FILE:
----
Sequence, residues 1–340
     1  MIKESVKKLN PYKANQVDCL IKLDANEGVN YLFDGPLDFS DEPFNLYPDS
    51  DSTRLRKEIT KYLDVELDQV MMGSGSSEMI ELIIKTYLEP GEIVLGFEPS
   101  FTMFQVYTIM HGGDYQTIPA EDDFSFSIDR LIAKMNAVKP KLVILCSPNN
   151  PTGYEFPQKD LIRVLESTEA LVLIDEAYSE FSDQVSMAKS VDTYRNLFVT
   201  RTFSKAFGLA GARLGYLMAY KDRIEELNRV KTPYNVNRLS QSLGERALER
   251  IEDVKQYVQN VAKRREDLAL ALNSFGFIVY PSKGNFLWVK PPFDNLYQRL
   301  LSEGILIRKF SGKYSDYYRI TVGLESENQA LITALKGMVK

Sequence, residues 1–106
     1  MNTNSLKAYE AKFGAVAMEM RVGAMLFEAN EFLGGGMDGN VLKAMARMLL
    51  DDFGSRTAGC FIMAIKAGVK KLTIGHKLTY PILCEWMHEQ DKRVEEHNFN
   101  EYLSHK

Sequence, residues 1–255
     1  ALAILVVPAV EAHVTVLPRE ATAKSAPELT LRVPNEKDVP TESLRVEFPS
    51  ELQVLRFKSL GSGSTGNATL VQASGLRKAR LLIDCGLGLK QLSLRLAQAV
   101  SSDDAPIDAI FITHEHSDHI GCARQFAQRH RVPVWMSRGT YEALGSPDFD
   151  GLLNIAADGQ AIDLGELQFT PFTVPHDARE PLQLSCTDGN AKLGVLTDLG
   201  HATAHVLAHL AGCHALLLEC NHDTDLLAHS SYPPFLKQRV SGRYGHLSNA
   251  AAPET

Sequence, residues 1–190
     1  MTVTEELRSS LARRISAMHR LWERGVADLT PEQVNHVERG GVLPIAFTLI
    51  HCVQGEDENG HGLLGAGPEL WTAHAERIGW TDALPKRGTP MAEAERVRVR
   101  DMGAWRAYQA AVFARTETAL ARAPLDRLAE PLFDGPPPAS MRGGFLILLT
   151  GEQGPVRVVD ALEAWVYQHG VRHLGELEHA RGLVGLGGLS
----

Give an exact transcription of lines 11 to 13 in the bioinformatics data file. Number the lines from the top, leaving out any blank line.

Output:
    51  DDFGSRTAGC FIMAIKAGVK KLTIGHKLTY PILCEWMHEQ DKRVEEHNFN
   101  EYLSHK

Sequence, residues 1–255